• Summary
  • Contents
  • Subject index

What happens when media technologies are able to interpret our feelings, emotions, moods, and intentions? In this cutting edge new book, Andrew McStay explores that very question and argues that these abilities result in a form of technological empathy. Offering a balanced and incisive overview of the issues raised by ‘Emotional AI’, this book: • Provides a clear account of the social benefits and drawbacks of new media trends and technologies such as emoji, wearables and chatbots • Demonstrates through empirical research how ‘empathic media’ have been developed and introduced both by start-ups and global tech corporations such as Facebook • Helps readers understand the potential implications on everyday life and social relations through examples such as video-gaming, facial coding, virtual reality and cities • Calls for a more critical approach to the rollout of emotional AI in public and private spheres Combining established theory with original analysis, this book will change the way students view, use and interact with new technologies. It should be required reading for students and researchers in media, communications, the social sciences and beyond.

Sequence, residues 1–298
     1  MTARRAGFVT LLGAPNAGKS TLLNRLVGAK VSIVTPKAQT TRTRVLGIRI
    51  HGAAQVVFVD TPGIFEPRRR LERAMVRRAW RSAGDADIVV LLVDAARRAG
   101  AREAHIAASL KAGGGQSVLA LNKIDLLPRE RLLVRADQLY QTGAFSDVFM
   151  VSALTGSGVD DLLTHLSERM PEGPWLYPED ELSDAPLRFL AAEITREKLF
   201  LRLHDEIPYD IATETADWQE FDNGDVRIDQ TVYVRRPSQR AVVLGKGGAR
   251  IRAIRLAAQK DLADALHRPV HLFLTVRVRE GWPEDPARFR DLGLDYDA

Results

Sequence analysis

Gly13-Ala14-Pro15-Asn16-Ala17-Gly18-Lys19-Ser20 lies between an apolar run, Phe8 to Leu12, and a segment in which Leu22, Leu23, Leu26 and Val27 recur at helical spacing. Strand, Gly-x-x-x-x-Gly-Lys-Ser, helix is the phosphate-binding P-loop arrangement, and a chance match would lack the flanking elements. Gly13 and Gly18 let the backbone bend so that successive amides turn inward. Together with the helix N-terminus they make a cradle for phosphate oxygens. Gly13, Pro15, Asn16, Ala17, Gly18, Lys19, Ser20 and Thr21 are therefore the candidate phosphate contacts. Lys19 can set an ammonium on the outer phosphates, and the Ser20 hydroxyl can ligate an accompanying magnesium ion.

Situating Empathy
Situating Empathy

Chapter 1 introduced the principle of empathic media by suggesting that media technologies are increasingly able to interpret feelings, emotions, moods, attention and intention to engage with people in new ways. These technologies did not emerge from nowhere, but they have technical and theoretical antecedents. To provide context to forthcoming chapters, this chapter attends to empathy itself and thereafter technologies argued to be ‘empathic’. I argue that empathy has two overlapping characteristics. The first is that it is a social fact of inter-personal life and living in communities. Applied to technology, this means it makes sense to speak of ‘living with’ technologies that sense, track and feel-into our lives. The second characteristic is its interpretive qualities. This is not just about ...

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